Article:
Posted on June 11, 2019 by Charles Morris
As every Tesla driver knows, electric vehicles are more reliable, more convenient, cheaper to operate, safer and more fun to drive than legacy vehicles. However, the most important reason for the transition to electric driving is to reduce the use of polluting petroleum products. As EVs proliferate, consumption of gasoline is expected to fall. It’s still very early days, but that trend is already observable.
Source: DOE / Argonne National Laboratory's Assessment of Light-Duty Plug-In Electric Vehicles in the United States, 2010–2018, ANL/ESD-19/2, March 2019 (includes only light-duty vehicles)
According to a recent report from the DOE’s Office of Energy Efficiency & Renewable Energy (via Charged), plug-in vehicles displaced 323 million gallons of gasoline in the US in 2018. That’s still a mere drop in the gas can: it amounts to 0.25% of all gasoline used in the US in that year (another dose of reality: the increasing popularity of trucks and SUVs has more than wiped out all the emissions reductions from EVs).
However, the trend of falling demand for gas is gathering speed. The amount of gasoline displaced was about 42% higher in 2018 than in 2017, and about double the amount in 2016. Furthermore, the share of pure electric vehicles is growing. Gasoline displacement from pure EVs versus plug-in hybrids was evenly split in 2012 and 2013, but in 2018, EVs accounted for two thirds of the displacement.
As gas consumption begins to fall, electricity consumption is rising. Another DOE report shows that the amount of energy consumed by plug-in vehicles in the US has nearly doubled in the last two years, from 1.44 terawatt hours in 2016 to 2.85 TWh in 2018. Here we also see the trend toward pure EVs - in 2018, pure EVs accounted for 61% of electricity consumption from plug-in vehicles, while plug-in hybrids accounted for 39%.
Source: DOE / Argonne National Laboratory, Assessment of Light-Duty Plug-In Electric Vehicles in the United States, 2010–2018, ANL/ESD-19/2, March 2019 (includes only light-duty vehicles)
Battery production is on the way up, and costs are on the way down. Adamas Intelligence reports (via Charged) that the collective capacity of the world’s passenger EV batteries reached 9.76 gigawatt hours in March, an increase of 94% compared to a year ago. Predictions about when EVs will reach price parity with legacy vehicles creep forward every year. In 2017, Bloomberg New Energy Finance predicted that the crossover point would be reached in 2026. According to the company’s latest analysis, the magic moment will arrive in 2022 in some markets.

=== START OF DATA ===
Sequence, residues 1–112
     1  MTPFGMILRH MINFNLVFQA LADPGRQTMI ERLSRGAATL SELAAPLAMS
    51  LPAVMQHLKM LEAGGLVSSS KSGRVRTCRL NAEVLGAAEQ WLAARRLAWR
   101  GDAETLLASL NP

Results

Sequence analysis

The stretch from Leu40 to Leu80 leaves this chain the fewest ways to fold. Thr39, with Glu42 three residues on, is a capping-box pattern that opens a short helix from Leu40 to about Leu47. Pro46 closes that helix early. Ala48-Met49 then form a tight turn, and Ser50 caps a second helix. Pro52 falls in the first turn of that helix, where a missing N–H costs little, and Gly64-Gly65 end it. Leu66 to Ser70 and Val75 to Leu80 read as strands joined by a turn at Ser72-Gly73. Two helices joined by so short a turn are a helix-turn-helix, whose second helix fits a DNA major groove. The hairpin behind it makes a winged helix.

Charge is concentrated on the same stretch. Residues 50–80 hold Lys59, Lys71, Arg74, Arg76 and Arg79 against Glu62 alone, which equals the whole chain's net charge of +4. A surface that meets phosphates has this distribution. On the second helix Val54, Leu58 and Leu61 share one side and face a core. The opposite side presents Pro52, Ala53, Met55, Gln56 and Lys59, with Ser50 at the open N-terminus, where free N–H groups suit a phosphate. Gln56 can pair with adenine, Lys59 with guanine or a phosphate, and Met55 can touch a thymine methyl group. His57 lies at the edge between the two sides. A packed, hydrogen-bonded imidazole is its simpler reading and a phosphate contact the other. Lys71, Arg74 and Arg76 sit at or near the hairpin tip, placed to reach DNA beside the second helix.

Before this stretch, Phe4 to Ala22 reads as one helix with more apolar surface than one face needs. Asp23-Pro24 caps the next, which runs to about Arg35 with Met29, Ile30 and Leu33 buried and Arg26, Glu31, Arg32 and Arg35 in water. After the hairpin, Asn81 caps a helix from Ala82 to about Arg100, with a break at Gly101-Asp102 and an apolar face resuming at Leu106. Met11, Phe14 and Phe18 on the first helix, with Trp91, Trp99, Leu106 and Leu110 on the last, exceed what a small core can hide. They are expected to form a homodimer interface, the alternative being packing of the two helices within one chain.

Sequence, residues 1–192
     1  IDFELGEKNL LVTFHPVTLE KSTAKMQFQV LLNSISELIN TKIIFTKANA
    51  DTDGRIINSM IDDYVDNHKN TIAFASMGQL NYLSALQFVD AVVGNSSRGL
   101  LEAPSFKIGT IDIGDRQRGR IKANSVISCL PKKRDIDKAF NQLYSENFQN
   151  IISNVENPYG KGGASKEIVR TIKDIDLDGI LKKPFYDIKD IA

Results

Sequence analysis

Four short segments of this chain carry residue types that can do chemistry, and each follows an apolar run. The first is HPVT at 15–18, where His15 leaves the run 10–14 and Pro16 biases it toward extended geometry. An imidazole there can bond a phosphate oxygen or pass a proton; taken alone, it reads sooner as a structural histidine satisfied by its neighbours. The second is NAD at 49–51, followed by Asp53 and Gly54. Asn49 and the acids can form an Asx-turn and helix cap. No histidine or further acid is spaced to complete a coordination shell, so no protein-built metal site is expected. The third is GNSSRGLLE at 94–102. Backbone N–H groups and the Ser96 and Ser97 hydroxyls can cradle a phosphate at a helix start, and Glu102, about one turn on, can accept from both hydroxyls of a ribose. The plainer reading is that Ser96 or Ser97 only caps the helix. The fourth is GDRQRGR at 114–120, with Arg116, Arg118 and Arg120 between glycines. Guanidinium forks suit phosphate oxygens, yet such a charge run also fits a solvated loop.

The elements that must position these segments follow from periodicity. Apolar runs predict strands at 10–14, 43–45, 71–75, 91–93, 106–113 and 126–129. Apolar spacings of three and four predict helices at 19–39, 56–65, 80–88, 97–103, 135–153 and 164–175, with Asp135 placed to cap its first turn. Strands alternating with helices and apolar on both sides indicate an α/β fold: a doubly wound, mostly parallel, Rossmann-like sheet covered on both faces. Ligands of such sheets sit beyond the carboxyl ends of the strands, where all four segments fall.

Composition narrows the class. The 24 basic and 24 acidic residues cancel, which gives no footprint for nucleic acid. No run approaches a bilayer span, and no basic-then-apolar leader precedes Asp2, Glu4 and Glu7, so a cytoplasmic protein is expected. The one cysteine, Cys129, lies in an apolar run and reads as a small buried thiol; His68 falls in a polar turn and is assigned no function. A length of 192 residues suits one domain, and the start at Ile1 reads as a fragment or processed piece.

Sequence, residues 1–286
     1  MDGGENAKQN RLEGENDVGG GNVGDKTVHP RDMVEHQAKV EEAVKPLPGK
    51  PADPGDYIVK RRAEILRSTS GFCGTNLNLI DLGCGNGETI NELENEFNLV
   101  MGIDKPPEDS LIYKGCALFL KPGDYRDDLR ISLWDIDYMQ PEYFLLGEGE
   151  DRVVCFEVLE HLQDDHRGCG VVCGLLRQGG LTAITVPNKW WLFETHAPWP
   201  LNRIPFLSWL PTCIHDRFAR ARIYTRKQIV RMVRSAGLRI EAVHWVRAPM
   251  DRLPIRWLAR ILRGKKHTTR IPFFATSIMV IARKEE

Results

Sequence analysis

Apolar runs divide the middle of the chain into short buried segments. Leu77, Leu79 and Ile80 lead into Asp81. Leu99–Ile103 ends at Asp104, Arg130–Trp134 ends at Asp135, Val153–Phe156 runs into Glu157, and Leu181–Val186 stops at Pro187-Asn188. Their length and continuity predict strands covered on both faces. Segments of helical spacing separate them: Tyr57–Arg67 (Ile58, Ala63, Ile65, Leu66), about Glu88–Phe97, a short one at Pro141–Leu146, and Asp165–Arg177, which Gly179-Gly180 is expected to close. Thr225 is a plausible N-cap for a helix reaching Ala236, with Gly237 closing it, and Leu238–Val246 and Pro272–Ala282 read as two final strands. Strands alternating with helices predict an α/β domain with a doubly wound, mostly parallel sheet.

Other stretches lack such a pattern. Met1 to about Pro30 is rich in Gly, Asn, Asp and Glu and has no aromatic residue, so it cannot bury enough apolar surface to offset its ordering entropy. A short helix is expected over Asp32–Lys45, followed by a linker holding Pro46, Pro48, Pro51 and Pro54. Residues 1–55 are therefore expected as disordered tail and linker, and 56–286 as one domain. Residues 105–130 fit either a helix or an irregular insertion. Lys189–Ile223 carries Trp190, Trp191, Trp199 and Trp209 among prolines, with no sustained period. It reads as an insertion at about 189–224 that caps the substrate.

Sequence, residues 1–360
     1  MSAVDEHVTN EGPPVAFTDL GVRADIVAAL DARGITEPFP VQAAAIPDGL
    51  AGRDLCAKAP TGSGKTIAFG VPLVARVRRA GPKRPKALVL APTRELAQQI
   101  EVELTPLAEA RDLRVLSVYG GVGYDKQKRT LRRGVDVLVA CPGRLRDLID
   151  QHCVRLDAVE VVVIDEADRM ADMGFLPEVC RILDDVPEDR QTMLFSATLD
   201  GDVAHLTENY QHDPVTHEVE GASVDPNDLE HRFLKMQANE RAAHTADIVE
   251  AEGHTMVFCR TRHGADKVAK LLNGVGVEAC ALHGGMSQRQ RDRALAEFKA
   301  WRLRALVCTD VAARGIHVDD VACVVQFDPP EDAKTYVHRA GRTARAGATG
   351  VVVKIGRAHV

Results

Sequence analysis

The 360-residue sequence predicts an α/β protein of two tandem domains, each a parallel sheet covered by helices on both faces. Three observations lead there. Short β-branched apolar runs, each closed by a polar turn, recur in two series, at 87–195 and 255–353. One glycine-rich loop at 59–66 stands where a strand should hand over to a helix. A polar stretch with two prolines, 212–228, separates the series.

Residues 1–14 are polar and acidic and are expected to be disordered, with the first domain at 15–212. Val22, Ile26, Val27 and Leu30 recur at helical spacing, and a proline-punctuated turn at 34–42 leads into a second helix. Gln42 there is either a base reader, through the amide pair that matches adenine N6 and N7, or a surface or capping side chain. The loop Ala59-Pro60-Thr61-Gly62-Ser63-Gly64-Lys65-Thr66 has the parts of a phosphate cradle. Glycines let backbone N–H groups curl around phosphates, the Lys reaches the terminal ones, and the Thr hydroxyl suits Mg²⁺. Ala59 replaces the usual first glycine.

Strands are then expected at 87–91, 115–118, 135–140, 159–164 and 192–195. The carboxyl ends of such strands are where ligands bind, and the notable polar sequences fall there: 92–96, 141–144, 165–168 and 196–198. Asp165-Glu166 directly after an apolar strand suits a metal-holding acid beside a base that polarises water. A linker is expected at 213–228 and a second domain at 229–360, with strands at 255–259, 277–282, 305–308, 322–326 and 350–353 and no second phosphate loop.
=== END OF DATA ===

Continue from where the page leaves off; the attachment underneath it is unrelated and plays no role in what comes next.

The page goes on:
Contrary to what the anti-EV alligators would have you believe, plug-in vehicles produce lower emissions than dinosaur-burners over their full life cycles. That advantage is steadily growing as more and more electricity generation comes from renewable sources. A recent report from the International Renewable Energy Agency (IRENA) found that costs for renewable energy technologies fell to a record low last year, and that cost reductions are poised to continue into the next decade. In many parts of the world, renewable power is already the cheapest source of electricity. IRENA says that over 75% of wind and solar PV projects due to be commissioned next year will produce power at lower prices than the cheapest fossil fuel options, without government subsidies.
Just one of the success stories from around the world: Germany, a major coal consumer, announced in January that it would shut down all 84 of its coal-fired power plants over the next 19 years (the Germans are already committed to phasing out nuclear power by 2022 - 12 of the country’s 19 nuclear plants have been closed so far). Renewables now account for 41% of Germany’s electric generation.
The advent of the new energy economy (Energiewende in German) will not be without human costs. Germany’s coal industry still directly supports around 20,000 jobs, as well as another 40,000 indirectly dependent on the brown stuff. The government’s plan to phase out coal includes $45 billion in investments to ease the impact in coal regions. The transition to EVs is similarly certain to lead to massive restructuring in the auto industry, and government and business leaders have a responsibility to consider the workers who’ll be affected.
Written by: Charles Morris